ginger bug - fermented starter culture for homemade ginger ale

How to Make A Ginger Bug | A Starter Culture for Naturally-Fermented Sodas

Ginger bug… a fermented slurry of fresh ginger root and sugar that you maybe didn’t know you needed. It’s a nearly fool-proof fermentation adventure you should saddle up for. With all the medicinal and nutritional benefits of ginger root, plus the digestive magic of probiotics, learn how to make a ginger bug for crafting simple, delicious, and much healthier homemade ginger ale and other naturally fermented sodas.

HERE YOU’LL FIND:
What is a Ginger Bug?
How to Use a Ginger Bug
The Health Benefits of Ginger
How to Make a Ginger Bug
Ginger Bug Tips, Tricks, & FAQs
Recipe for Ginger Bug

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What Is A Ginger Bug?

Ginger bug is a wild fermented mixture of minced (typically unpeeled) fresh ginger root, cane sugar, and water. The natural yeasts and bacteria on the skin of the ginger and in the air feed off the sugar to thrive and as a result, they produce carbon dioxide (ie. the bubbles). As the yeasts and bacteria consume more sugar, more carbon dioxide is produced.

Ginger bug is an active colony of wild yeasts & beneficial bacteria used as a starter culture to make things like homemade ginger ale, fizzy natural sodas, & other probiotic beverages.

As a starter culture, a ginger bug is not unlike the kombucha mother or SCOBY, a symbiotic culture of bacteria and yeast used to make kombucha. It’s not unlike the mother found floating around at the bottom of a bottle of raw apple cider vinegar or a sourdough starter used to make bread. Kombucha mothers make kombucha, sourdough starters make sourdough bread, and ginger bugs make naturally fermented sodas like homemade ginger ale and root beer.


How To Use A Ginger Bug

Ginger bugs are primarily used for making:

  • homemade ginger ale,
  • any variety of fizzy drinks from herbal teas (like an herbal root beer),
  • or naturally fermented sodas using real fruit juice.

You can use your ginger bug to kick off the fermentation of any of these beverages and end up with your own homemade, naturally-fermented beverages made of only good things.


The Health Benefits of Ginger

Ginger bug has all the medicine of ginger root, plus the magic of probiotics. For thousands of years, many traditional cultures have used ginger to help with digestive ailments and nausea, amongst other things.

Today, ginger is commonly used to treat many of the same ailments and modern studies have proven ginger root to have the following medicinal properties:

  • Antioxidant
  • Expectorant
  • Carminative
  • Antimicrobial
  • Anti-inflammatory
  • Circulatory stimulant
  • Anti-nausea (antiemetic)

As a sweet, pungent, warming, and stimulating plant, ginger is as delicious as it is medicinal. And not like it needs any more plant magic, but adding in probiotics just kicks it up a notch!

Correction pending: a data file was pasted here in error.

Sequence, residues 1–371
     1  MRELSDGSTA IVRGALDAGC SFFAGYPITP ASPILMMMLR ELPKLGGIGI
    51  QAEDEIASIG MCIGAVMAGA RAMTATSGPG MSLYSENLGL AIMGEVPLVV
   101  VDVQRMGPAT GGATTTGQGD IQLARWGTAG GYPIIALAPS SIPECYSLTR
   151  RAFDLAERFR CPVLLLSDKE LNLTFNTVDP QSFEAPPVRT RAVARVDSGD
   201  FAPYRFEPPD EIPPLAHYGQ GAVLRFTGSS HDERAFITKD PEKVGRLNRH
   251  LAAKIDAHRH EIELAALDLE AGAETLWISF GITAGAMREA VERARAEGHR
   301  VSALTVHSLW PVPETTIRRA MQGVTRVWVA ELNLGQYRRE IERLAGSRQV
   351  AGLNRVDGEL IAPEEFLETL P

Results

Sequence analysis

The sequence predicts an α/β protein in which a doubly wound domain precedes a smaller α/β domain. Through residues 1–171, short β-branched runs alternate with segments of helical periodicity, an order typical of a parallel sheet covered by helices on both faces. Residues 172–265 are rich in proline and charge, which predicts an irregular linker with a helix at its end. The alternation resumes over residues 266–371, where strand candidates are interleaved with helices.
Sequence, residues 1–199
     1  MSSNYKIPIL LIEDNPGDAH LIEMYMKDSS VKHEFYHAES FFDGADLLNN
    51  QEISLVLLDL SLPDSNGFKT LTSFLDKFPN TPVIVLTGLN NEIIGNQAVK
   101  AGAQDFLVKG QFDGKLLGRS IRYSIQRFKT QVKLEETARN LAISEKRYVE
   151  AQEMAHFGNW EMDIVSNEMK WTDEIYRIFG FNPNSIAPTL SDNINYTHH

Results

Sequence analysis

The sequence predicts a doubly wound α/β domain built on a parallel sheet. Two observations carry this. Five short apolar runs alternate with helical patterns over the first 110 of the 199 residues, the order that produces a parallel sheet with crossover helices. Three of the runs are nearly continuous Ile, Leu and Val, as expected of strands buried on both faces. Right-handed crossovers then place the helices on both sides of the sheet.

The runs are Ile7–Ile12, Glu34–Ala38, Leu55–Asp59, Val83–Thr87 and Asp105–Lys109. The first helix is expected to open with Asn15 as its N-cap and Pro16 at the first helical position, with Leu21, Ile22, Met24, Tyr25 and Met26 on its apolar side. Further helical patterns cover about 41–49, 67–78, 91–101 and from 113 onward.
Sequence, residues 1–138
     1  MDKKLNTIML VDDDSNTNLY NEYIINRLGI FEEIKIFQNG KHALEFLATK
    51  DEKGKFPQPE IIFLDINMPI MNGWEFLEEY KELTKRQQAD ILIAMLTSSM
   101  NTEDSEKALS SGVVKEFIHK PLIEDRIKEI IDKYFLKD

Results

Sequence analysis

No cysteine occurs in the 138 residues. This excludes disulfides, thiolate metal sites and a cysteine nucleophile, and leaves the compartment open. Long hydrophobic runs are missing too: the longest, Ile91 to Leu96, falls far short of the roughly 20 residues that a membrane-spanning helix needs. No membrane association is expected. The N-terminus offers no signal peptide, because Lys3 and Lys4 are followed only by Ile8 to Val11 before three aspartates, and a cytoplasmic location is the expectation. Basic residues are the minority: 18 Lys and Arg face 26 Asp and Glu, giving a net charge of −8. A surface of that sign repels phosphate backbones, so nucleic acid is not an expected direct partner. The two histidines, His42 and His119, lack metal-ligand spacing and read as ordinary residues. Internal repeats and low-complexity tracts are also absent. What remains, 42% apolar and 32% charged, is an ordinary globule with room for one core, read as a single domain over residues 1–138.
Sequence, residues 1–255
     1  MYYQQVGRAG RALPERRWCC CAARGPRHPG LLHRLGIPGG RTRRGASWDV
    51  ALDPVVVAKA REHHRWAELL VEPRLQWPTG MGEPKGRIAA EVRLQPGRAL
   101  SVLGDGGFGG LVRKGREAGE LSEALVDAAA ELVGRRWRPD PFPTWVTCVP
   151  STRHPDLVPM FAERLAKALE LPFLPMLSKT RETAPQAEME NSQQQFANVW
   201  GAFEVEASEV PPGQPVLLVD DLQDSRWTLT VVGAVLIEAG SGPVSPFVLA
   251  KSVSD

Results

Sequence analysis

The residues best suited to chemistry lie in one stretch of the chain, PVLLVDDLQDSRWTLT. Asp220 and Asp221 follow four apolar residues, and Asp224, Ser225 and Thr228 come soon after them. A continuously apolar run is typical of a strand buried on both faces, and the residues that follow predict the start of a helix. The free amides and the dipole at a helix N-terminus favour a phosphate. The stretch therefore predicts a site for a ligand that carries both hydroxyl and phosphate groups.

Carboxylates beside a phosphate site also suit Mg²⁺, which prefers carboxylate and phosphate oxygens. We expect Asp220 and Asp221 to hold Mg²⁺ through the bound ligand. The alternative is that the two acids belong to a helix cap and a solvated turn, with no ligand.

The probiotics in the ginger bug, namely Lactobacillus bacteria and a whole slew of wild yeasts, can help to provide additional support for:

  • our metabolic health,
  • our digestive health,
  • and the health of our immune systems.

Compared to conventional sodas, like ginger ale and root beer, that you can purchase at any grocery, sodas made from ginger bugs are a much healthier choice. Not only are they without artificial colorants and flavorings, as well as unnecessary mountains of sugar often coming from genetically-modified and highly processed high fructose corn syrup, homemade sodas made from ginger bugs come with additional health benefits.

Did you know that frequent consumption of conventional sugary soft drinks have been linked to higher risks of diabetes, heart disease, and many other chronic inflammatory diseases?

While the homemade, naturally fermented sodas made from ginger bug still contain sugar, we’re able to control the quantity and type of sugar, making them a much better choice.


How To Make A Ginger Bug

Making a ginger bug is as easy as stirring together minced or grated ginger root (skin on), non-chlorinated water, and cane sugar. The rest is up to nature.

Here’s a quick rundown of what you’ll need to make a ginger bug and the basic method. For the full detailed recipe, skip to the end of this post.

Equipment You’ll Need:

  • Pint-sized Glass Jar
  • Cheesecloth (or clean scrap of cloth)
  • Rubberband (that will fit around the mouth of your glass jar)
  • Cheesegrater or Sharp Knife & Cutting Board

Ingredients:

  • Organic Fresh Ginger Root
  • Organic Cane Sugar
  • Non-Chlorinated Water

Method:

  1. Grate the ginger. You’ll want to leave the skin on as it contains many beneficial organisms that will be helpful to the fermentation process. Wash the ginger root under cool, running water and then either grate or chop finely.
  1. Combine all ingredients in a glass jar. Swirl around until all ginger sugar is completely dissolved. Then cover the opening of the jar with several layers of cheesecloth, a clean scrap of cloth, or even a dry washcloth. Secure it with a rubber band. Leave the jar out at room temperature and out of direct sunlight.